Editorial on Fighting Big Pharma

Here’s an op-ed by Senator Bernard Sanders, who is — for good reasons — the most popular political figure in the U.S. today. While he mentions important statistics, it would have been better if he also mentioned drug patent monopolies. The American pharmaceutical industry is among the most powerful groups in history, and so defeating them will of course require a lot more than passing a bill allowing the importation of drugs from Canada.

The American people are sick and tired of getting ripped off by the pharmaceutical industry which, next to Wall Street, is one of the most powerful and greedy forces in our country.

Each and every day my office hears from Americans who cannot afford their prescription drugs. People are having to choose between buying food or buying the medicine they need. Seniors are forced to split their pills in half. Some have lost their homes and declared bankruptcy because of their medical bills.

Others are getting much sicker than they should because of these outrageously high prices. One woman said that her family couldn’t sleep in their car after losing their house because they had to sell the car, and her wedding ring, just to pay for their prescription drugs.

Today, the American people are starting to ask the questions that need to be asked:

Why is it that the United States pays, by far, the highest prices in the world for prescription drugs?

In the richest country in the history of the world, why is it that nearly one out of five adults in America cannot afford to fill the prescriptions given to them by their doctors?

How can it be that Americans can walk into a drugstore and find that the prices they are paying for their prescription drugs can double, triple or quadruple, literally overnight?

How is it that in Canada the same medications manufactured by the same companies, sold in the same bottles, are available for a fraction of the price that we pay in the United States?

Sadly, the answer to these questions is simple: Follow the money.

Since 1998, the pharmaceutical industry has spent more than $3 billion on lobbying, and they have spent hundreds of millions of dollars on campaign contributions to buy politicians. In 2016, they hired 1,380 lobbyists – nearly 14 for each member of the Senate – to get Congress to do their bidding.

Last year, the big drug companies spent $131 million alone to defeat a ballot initiative in California that would have required the state to pay no more than what the Veterans Administration pays for prescription drugs.

Meanwhile, as Americans are dying because they cannot afford the medications they need, the five largest drug companies in the U.S. made over $50 billion in profits in 2015, and the top ten pharmaceutical industry CEOs made $327 million in total compensation.


The former CEO of Gilead (John Martin) became a billionaire because his drug company charged $1,000 a pill for Sovaldi, a Hepatitis-C drug that costs $1 to manufacture. In India, the same drug can be bought for just four bucks.

Today, pharmaceutical companies are substantially increasing their profits because Congress has done nothing to stop them. Their only goal is to make as much profit as possible. They could care less about the American people.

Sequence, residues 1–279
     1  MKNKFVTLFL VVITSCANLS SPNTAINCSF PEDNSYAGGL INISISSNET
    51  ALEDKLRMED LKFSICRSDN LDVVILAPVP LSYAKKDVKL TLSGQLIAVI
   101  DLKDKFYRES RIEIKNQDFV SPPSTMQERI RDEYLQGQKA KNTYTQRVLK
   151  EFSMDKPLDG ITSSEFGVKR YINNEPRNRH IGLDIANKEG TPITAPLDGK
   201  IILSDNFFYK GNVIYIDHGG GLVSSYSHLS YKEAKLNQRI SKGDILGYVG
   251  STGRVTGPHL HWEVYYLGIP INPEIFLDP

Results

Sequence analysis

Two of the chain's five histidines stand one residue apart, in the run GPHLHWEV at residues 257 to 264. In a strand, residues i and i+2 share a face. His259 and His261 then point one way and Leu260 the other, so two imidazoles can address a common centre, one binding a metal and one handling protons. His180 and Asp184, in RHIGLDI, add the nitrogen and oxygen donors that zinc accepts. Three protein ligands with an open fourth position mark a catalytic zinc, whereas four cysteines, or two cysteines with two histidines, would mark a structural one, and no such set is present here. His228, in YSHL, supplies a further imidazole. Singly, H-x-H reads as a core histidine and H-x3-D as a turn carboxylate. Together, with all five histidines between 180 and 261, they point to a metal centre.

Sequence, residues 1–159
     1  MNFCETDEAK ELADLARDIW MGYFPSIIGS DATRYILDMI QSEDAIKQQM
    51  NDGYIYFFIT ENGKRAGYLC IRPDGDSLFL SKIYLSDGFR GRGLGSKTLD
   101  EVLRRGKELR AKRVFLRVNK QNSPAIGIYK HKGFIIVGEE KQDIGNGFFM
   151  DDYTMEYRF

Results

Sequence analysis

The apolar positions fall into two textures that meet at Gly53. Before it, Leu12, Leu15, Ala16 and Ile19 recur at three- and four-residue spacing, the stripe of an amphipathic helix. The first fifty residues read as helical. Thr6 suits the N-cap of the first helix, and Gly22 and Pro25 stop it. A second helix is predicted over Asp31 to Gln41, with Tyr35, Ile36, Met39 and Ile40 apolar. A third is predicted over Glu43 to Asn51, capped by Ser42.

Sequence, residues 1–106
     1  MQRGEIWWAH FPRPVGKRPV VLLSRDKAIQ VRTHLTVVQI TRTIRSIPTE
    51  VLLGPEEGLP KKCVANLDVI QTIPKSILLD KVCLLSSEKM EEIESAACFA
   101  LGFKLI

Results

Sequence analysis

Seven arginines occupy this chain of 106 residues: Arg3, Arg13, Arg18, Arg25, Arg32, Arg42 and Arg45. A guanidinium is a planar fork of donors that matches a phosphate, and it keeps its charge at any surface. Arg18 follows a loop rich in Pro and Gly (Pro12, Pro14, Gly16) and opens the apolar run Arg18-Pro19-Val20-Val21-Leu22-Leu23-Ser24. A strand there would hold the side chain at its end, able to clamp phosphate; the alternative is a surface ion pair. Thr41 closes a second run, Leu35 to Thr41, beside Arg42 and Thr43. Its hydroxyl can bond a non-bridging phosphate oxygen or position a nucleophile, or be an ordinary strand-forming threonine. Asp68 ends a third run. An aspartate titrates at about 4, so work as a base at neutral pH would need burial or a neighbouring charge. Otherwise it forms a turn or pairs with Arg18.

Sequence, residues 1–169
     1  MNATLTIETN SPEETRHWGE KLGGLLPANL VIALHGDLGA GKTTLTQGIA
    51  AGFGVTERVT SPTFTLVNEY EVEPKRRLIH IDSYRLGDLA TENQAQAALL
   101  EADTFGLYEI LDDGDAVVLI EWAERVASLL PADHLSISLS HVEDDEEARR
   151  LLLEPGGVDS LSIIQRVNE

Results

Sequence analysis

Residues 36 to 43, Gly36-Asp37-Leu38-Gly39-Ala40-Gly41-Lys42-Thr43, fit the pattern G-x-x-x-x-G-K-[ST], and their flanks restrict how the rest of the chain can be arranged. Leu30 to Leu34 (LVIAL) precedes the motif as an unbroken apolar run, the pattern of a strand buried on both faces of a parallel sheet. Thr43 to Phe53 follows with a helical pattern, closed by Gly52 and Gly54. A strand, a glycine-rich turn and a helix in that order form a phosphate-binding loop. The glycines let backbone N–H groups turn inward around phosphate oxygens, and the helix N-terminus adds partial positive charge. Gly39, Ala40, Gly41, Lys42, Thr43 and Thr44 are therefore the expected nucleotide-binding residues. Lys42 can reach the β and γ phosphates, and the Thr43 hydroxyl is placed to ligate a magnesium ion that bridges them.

To address this crisis, I introduced the Affordable and Safe Prescription Drug Importation Act with Rep. Elijah Cummings and Sens. Cory Booker and Bob Casey. If passed, our legislation would allow individuals, pharmacists and wholesalers to purchase low-cost medicine from Canada and other countries. Not only would it save lives, but according to the Congressional Budget Office, it would save the U.S. government more than $6 billion over the next decade.

Needless to say, the prescription drug companies and their allies are doing everything they can to defeat this legislation.

They are running TV commercials in 13 states and bought full-page ads in newspapers including The Washington Post against this bill. And they have paid academic “experts” hundreds of thousands of dollars to spread myths in popular news outlets about low-cost drugs from Canada being unsafe.

Nonsense. Let’s be clear. This debate is not about the safety of prescription drugs. Nobody in Congress would vote for one second to allow unsafe medicine to come into this country. Rather, our legislation includes strong safety standards and cracks down on rogue, online pharmacies illegally selling counterfeit prescription drugs.

No, what this debate is all about is whether Congress will have the courage to take on the greed of the pharmaceutical industry and lower the outrageously high prices the American people are paying for the medicine they need.

There is no rational reason why in the United States a 90-day supply of Crestor – the cholesterol-lowering drug – costs $779, but just $201 in Canada. Or why Januvia, which treats diabetes, costs $1,126 dollars in the United States, but just $369 dollars in Canada. Or why Abilify, a drug for bipolar disorder and schizophrenia, costs about $546 in Canada, but $2,800 dollars in our country.

The truth is that today prescription drug companies are able to legally import 80 percent of active pharmaceutical ingredients, and 40 percent of prescription drugs from other countries. The only thing that is illegal is allowing the American people to take advantage of the lower prices these countries charge for prescription drugs. That has got to change.

The idea of importing safe and affordable prescription drugs is popular among the overwhelming majority of Americans. According to a 2016 poll by the Kaiser Family Foundation, 72 percent favor allowing Americans to buy prescription drugs imported from Canada.

Our bill makes it possible for them to do that, both cheaply and safely. Lowering the cost of prescription drugs may eat into the profits of the big drug companies, but for millions of Americans, it will alleviate suffering and save lives.